Sunday, January 21, 2018

"Ain't gonna study war no more"

The Olivetree Bible app, which I highly recommend, includes a lot of different daily reading plans. One of them is a 14-day "teachings of Jesus" plan, which I started yesterday. The first entry is chapter 1 of Luke.

Luke 1 ends with Zechariah's song. He sings about his newborn son, John, and about the one who will follow John, the one for whom John "prepares the way." It is John who will bring to his people an understanding that salvation is available through the coming on. That coming one, called the "Dayspring from on high" in the KJV, will "give light to those who sit in darkness and the shadow of death." (v.78a)

This is pretty great, is it not? This is a promise of relief from the ultimate curse.
The years of our life are seventy,
    or even by reason of strength eighty;
yet their span is but toil and trouble;
    they are soon gone, and we fly away. (Ps. 90:10)
This wonderful promise of God is not the end, though. The promise comes with a purpose. There is a reason God wants to save his children from "the shadow of death." It comes at the last, and it is a momentary vision of the restored kingdom of God, given to Zechariah at that moment when his tongue was loosed after months of enforced muteness.
. . . to guide our feet into the way of peace. (Luke 1:78b)
I repeat:
. . . to guide our feet into the way of peace. (Luke 1:78b)
I take this to mean a comprehensive kind of peace: peace with God and peace with one another (both of which were broken and lost at the Fall). So then, the word "peace" is nutshell summation of the restored creation. The peace of the Garden was lost, but will be restored. In this nutshell insight into the nature of the restored kingdom, it is the concept of peace that Zechariah chooses to highlight.

In chapter 2 of Luke the angels who come to the shepherds in their fields sing a blessing of peace as they announce the birth of a savior. And what does Simeon say when Joseph and Mary bring Jesus to the Temple?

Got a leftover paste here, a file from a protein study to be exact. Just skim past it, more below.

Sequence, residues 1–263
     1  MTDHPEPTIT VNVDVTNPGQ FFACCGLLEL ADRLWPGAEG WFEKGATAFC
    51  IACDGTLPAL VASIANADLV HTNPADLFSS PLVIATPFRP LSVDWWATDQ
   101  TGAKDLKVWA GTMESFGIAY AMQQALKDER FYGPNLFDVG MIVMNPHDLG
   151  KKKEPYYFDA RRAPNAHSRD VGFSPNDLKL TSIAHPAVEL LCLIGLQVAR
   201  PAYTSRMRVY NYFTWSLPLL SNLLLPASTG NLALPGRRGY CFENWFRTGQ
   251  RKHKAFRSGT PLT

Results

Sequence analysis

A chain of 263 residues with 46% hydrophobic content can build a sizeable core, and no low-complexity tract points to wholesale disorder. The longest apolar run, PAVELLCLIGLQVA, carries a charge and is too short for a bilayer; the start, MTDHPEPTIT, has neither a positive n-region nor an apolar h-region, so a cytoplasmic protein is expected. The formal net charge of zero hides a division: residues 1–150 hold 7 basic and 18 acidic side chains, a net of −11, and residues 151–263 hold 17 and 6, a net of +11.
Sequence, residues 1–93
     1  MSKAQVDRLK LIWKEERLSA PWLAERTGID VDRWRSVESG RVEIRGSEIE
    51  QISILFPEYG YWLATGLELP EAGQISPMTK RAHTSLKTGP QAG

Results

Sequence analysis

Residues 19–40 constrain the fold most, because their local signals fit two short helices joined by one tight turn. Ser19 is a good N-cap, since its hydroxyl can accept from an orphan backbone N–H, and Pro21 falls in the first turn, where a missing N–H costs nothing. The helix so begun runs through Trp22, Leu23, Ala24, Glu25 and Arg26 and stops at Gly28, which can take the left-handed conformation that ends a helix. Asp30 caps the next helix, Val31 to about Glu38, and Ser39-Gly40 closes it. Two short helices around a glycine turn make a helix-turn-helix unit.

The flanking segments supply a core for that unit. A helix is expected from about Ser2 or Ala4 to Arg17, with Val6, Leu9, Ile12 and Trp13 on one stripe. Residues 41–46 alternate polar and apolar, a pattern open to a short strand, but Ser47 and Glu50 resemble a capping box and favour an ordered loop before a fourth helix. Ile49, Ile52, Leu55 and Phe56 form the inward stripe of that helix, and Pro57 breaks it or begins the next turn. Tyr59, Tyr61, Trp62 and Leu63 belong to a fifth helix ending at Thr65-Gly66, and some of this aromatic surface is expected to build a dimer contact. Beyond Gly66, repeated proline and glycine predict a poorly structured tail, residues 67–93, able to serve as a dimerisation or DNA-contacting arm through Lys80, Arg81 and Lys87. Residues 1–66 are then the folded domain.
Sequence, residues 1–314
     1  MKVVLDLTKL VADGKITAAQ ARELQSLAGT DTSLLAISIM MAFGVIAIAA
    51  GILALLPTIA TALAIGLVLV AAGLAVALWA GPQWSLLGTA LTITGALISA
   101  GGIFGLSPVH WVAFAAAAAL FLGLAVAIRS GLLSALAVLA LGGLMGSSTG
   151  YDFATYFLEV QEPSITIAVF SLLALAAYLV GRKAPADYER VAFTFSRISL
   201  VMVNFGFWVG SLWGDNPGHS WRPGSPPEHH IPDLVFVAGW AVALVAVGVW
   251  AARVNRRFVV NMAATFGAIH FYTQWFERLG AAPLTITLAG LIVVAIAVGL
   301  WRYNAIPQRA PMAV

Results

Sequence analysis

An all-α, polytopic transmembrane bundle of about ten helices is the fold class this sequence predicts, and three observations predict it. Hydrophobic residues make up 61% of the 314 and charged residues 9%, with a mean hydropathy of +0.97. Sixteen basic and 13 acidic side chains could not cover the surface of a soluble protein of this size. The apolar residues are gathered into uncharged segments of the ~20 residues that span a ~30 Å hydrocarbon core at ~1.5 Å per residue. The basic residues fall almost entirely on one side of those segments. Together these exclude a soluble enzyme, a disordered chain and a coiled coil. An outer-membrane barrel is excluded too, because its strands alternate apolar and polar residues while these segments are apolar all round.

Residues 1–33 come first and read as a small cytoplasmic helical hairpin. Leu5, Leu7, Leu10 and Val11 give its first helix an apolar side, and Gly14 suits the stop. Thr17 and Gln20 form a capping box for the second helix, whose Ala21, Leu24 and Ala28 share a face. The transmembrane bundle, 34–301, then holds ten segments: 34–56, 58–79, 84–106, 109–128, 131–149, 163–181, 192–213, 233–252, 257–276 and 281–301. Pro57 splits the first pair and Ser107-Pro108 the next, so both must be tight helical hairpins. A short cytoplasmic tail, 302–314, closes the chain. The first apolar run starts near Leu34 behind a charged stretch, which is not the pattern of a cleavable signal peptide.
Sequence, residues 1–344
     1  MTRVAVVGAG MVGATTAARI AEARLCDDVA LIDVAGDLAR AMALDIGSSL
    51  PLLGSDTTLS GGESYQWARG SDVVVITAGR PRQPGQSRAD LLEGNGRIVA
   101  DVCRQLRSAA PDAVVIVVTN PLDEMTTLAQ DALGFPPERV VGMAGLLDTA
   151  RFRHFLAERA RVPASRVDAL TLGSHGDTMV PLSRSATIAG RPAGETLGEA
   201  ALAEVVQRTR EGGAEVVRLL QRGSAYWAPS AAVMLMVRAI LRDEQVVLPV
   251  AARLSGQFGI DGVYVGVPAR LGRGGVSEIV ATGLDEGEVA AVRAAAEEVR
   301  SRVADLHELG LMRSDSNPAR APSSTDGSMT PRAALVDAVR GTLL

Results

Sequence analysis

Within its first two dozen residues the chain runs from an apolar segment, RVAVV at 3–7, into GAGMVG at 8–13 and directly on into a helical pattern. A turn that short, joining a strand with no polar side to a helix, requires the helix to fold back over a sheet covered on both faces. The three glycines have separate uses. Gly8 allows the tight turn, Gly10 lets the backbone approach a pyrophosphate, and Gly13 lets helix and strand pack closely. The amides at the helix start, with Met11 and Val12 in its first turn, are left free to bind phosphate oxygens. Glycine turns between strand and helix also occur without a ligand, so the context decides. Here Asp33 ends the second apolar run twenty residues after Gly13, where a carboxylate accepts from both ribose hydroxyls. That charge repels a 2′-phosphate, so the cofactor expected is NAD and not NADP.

. . . he took [the baby] up in his arms and blessed God and said, "Lord, now let your servant depart in peace, according to your word." (Luke 2:29)
And let us not forget Isaiah 9, which lies behind much of this that we read in Luke. Isaiah's prophetic song in that chapter begins, "The people who walked in darkness have seen a great light." This sounds familiar, does it not? And a little bit later, speaking the coming savior (the same that Zechariah would later prophesy in song:
For to us a child is born,
    to us a son is given;
and the government shall be upon his shoulder,
    and his name shall be called
Wonderful Counselor, Mighty God,
    Everlasting Father, Prince of Peace. (Is. 9:6)
The pattern is pretty clear. Jesus, the Christ, is going to be all about the restoration of peace. This simple idea is always among the first thing said about him, whether it is angels speaking, or prophets, or simple Christians testifying about their own salvation.

I'll make a bold statement here: we don't talk enough about peace. Peace is a kingdom attribute. Peace is a fruit of the Spirit. Jesus is the Prince of Peace. Peace is the promise of the Father. Jesus said, "Blessed are the peacemakers, for they shall be called sons of God," but we live in a world that does not know "the way of peace (see Romans 3:17)." Interpersonal conflict began with Adam and Eve at the Fall (see Gen. 3:16 in particular), and the first generation to be born outside the Garden was marked by interpersonal bloodshed. Click over to any reputable news site, check out the local news from any city or state or nation you like, and you will see that what started between Cain and Abel continues apace.

My point: I pledge to be a seeker of peace. I pledge to dig into the Word for all that God has to teach me about peace, and I will try to be an ambassador for Jesus' coming kingdom of peace.

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